We have one major point to make about MiFID II – don’t be fooled into thinking that you can avoid it because the chances are, if you’re in any way involved in investments, then you’re going to have to take some action as a result of the new rules. There’s no easy way to magic them away, and those indirectly affected probably far outnumber those who are directly covered by the rules.

We were reminded of this last week, with the publication in the FT of a report stating that major hedge fund managers Tudor Investment and Brevan Howard were dropping their MiFID licenses and reverting to pure AIFMs in anticipation of the onerous obligations coming their way with MiFID II.

What was their reasoning? MiFID II introduces a whole raft of costly and time-consuming new reporting requirements for trades and transactions, the cost of which outweighs the specific MiFID activity underway in each firm that led to them having a MiFID licence in the first place.

Here’s the nub – hedge fund managers tend to have some element of their distribution handled via MiFID licensed firms – be they wealth managers, private banks and the like. These MiFID distributors need to get data from their product manufacturers on the Product Governance aspects of MiFID, namely stuff about who the product is aimed at, as well as costs and charges information. In fact, MiFID II obliges such distributors to repaper their agreements with non-MiFID product manufacturers to drive them to deliver and support the end-to-end governance of products as outlined in the MiFID II directive.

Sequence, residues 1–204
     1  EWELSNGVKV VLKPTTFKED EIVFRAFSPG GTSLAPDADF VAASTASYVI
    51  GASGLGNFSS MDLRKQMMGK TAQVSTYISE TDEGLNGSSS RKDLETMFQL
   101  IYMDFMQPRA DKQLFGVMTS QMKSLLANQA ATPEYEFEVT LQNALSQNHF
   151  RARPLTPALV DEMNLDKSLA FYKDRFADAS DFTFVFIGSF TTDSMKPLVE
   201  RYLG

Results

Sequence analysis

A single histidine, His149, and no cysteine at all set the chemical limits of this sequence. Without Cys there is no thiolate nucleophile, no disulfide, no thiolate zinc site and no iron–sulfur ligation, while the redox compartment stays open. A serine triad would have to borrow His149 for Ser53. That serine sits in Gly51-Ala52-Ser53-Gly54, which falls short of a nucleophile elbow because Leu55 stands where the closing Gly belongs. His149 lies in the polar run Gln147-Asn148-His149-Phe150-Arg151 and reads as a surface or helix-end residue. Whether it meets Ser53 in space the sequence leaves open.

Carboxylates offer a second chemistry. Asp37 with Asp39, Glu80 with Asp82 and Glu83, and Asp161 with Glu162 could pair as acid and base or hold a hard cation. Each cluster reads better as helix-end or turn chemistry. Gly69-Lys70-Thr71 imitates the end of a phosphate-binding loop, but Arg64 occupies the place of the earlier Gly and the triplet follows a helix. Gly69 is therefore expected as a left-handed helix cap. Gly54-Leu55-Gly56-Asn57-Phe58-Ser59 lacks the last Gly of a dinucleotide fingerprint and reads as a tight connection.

For hedge funds, or anyone else in fund management, they’re going to have to make sure they send the right data, in the right format at the right time in order to continue selling their wares through MiFID licensed channels. And let us stress this point again – it’s not just hedge funds, but anyone who indirectly sells their funds into the European market who’ll have to comply in some form with the regulations.

The product governance regime for MiFID II will be considered the best practice approach, and will apply in principle, if not by rule, to pure UCITS and AIFM management companies. A firm would need very good reason not to have implemented what many of the regional NCA will be adopting as the best practice approach.

So with MiFID II it really is quite simple – if you’re already covered by the rules, then it’s time to get everything sorted for 2018. And if you’re not covered, well you probably are anyway, so it’s time to get everything sorted now if you want to keep on selling.